A recent Thursday at 4:56 p.m.Johnny AArrow
Sweat dripped off Zahid Peoples’ brow as he briefly stopped dancing and held his 6-foot-long cardboard arrow over his head. It pointed toward the Moscone Center. Aside from the occasional water break, it was the only time he had stood still over the previous hour.
He wore DJ-style headphones that pump dance beats into his head. “There are lots of things going through my brain at one time. The music kind of silences it all,” said Peoples, 20. For hours, Peoples bounced around the sidewalk at the corner of Fourth and Howard streets, spinning his sign and breaking out freestyle dance moves that mesmerized the suited health care professionals outside the American Academy of Orthopaedic Surgeons convention.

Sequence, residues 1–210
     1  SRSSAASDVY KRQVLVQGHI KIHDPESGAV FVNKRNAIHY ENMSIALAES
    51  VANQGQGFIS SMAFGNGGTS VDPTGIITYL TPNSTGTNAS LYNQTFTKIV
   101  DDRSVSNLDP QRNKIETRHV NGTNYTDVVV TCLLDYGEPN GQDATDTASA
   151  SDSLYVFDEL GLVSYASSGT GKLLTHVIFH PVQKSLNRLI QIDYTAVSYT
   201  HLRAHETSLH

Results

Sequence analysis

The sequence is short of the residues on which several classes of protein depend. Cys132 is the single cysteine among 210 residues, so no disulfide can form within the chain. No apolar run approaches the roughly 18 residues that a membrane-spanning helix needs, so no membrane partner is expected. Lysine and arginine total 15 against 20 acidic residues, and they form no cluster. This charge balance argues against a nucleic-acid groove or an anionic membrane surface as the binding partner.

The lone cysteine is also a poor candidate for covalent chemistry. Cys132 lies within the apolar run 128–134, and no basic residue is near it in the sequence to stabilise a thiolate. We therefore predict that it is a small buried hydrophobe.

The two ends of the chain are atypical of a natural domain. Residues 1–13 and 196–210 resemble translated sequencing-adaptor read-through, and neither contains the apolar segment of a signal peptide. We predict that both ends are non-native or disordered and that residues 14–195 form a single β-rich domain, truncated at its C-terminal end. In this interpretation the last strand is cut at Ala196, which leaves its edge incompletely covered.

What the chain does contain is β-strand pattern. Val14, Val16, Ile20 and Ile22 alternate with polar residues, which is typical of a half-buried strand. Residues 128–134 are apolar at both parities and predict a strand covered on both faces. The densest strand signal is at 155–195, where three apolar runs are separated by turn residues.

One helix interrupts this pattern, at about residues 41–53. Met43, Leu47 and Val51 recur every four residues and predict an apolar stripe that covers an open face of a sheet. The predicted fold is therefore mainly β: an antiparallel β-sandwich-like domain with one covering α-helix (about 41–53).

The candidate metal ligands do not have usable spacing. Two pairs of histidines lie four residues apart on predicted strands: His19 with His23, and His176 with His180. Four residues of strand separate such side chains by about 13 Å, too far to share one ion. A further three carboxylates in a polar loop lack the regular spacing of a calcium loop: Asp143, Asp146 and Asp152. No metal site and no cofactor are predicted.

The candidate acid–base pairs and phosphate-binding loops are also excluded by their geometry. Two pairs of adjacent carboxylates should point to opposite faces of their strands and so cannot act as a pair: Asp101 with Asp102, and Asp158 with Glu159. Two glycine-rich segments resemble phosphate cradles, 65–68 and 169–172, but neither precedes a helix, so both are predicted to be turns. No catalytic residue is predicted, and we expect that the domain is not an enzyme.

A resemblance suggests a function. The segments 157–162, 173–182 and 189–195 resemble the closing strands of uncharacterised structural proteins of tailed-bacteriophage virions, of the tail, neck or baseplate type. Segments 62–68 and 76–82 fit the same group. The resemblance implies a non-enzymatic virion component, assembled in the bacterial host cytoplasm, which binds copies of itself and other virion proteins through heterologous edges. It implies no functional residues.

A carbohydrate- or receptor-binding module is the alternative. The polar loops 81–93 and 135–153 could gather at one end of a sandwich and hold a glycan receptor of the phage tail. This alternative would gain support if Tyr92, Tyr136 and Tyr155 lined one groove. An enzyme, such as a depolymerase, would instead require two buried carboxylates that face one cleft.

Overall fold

Two blocks away, his teammates, Nikko Brosser, 20, and Nai Saeteurn, 21, flipped their signs with tag-team, acrobatic moves. They have been with the company longer and have reached the rank of “Spinja.” Each trick they master, like the Bruce Lee or the Captain Blender,” earns them a bump in pay, Saeteurn said. This week’s sign was emblazoned with the name of a company that makes human-tissue products for surgery.
The goal was to attract people to booth No. 5189, but the three sign spinners worked just like they would with any other company’s sign. For them, it was just another day at the office. “I’m a kinetic person. I don’t like staying still too long,” Brosser said. “I love my job.”
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